“Retirement Revolution” to be Televised: WTTW, Chicago’s public broadcasting affiliate, has tapped television news anchor Paula Zahn to host its new series on retirement, “Retirement Revolution.” The two-part documentary premieres Monday, March 31, at 10 p.m. EST (check local listings). Here’s an excerpt from the release:

Retirement Revolution and host Zahn will lead audiences across the U.S. on an exploration of the financial challenges and solutions facing America’s largest generation, explaining the origins of the retirement concept and how it has evolved over the past several decades. The documentary offers practical considerations that can help prepare for a retirement on one’s own terms. Revealing anecdotes from “real people” will be coupled with expert perspectives to educate and empower viewers to take control of their financial futures.

“For Colored Girls” Revival: Whoopi Goldberg will co-produce
a summer Broadway revival of Ntozake Shange’s 1976 play “For Colored
Girls Who Have Considered Suicide/When the Rainbow Is Enuf,” reports Variety. Goldberg is also part of the production team behind “Bricktop — Queen of the Night,” about a cabaret owner in the 1920s and ’30s.

The “Double Hit” on Women’s Salaries: Scott Jaschik, editor of InsideHigherEd.com, discusses a new study on gender equity in college faculty salaries (PDF):

The results in short say that — even using the most sophisticated possible approach to take into consideration non-sexist reasons for pay differentials — a pay gap remains, based on gender. And while this can’t be definitively tied to sexism, there aren’t a lot of likely alternative explanations.

But the study also found that some of the explanations that do exist — in particular based on disciplines and the types of institutions where women are more likely to find jobs — suggest that the salary gaps may be here to stay, unless higher education thinks very differently about reward structures.

Mixed MRI Scans: “Lumps detected in women at a high risk of breast cancer using hi-tech MRI scans overwhelmingly turn out to be false alarms, a Dutch study suggests,” reports the BBC. “But while researchers found five out of six scans which suggested a problem were wrong, they were nonetheless very effective at spotting invasive cancers.”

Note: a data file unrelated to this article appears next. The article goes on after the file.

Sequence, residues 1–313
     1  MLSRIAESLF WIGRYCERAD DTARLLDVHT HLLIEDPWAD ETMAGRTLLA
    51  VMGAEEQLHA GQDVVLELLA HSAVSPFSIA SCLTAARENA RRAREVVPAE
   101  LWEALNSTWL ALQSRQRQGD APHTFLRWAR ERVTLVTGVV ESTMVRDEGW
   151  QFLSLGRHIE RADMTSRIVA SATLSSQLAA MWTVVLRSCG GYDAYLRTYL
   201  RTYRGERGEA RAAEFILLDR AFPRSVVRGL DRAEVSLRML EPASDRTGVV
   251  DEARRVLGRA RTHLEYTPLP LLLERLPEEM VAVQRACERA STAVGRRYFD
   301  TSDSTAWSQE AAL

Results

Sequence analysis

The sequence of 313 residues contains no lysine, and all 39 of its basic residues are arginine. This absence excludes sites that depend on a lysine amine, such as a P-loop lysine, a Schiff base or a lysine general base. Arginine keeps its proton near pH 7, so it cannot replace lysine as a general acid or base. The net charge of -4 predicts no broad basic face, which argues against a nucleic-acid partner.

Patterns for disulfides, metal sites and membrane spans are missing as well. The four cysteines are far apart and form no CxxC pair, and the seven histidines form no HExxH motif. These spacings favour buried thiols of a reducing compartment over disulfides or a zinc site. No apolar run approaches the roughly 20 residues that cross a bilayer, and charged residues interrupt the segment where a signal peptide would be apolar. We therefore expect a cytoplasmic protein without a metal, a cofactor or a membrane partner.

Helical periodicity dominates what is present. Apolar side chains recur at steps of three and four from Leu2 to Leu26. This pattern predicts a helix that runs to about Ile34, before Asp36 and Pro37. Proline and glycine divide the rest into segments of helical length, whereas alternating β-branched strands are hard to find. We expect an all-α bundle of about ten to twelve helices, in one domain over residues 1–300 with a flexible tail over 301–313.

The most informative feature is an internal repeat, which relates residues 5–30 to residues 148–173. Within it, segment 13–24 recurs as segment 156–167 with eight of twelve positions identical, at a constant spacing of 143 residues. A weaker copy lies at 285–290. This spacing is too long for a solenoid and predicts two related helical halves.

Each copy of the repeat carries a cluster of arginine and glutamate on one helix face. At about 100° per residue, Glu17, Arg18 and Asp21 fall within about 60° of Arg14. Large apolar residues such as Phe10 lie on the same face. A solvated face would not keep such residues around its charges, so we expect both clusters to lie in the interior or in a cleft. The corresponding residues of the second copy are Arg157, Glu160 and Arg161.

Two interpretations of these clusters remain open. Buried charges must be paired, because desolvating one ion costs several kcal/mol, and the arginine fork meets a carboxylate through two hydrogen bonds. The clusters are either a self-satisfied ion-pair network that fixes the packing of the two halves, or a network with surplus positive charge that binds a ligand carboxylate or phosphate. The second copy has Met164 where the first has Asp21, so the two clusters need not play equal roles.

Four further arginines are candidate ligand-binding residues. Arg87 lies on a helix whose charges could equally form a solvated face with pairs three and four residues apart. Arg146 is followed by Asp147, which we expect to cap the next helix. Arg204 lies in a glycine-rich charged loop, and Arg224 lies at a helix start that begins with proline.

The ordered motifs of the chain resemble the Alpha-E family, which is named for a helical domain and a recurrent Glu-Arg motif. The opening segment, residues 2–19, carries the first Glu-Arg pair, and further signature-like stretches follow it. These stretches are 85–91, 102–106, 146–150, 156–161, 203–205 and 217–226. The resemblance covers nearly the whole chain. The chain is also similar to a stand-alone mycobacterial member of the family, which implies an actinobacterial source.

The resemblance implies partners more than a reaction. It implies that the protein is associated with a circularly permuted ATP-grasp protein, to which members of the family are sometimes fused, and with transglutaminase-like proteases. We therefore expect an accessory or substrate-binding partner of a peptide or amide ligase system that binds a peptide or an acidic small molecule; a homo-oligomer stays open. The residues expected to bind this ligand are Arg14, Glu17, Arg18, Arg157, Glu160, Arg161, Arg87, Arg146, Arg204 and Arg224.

The findings were published in the Annals of Oncology. Breast Cancer Care clinical director Dr Emma Pennery said: “While MRIs can result in false positive findings, this is far outweighed by their ability to detect tumours earlier in their development compared to mammography in high risk groups.”

On Getting Older: “Old women, to paraphrase a witticism, have to do everything old men do backward and in high heels — including getting older,” writes syndicated columnist Rheta Grimsley Johnson, as she humorously outlines the ways in which society’s attitude toward aging is less kind to women. Johnson also entertains some “what if” thinking in presidential politics:

For instance, why not Katherine Hepburn instead of Ronald Reagan as a seasoned, mediocre actor to rule the land?

Barbara Jordan had the moral timber of a Jimmy Carter, plus more authority. And, if the fates had been much kinder, we might have seen Texas Gov. Ann Richards in the Oval Office instead of Texas Gov. George W. Bush.

I can’t say exactly where a President Richards would have spent trillions of dollars, but betcha it would not have been in Iraq. It might have been on health care, or schools, or infrastructure, or all of the above.
Instead of rebuilding a country we’d obliterated, a President Richards might have rebuilt the Katrina-devastated coast.

That’s the kind of womanish thinking that often gets me in trouble. Daydreams, like everything else, get more outlandish with age. Then I wake up and smell the coffee.

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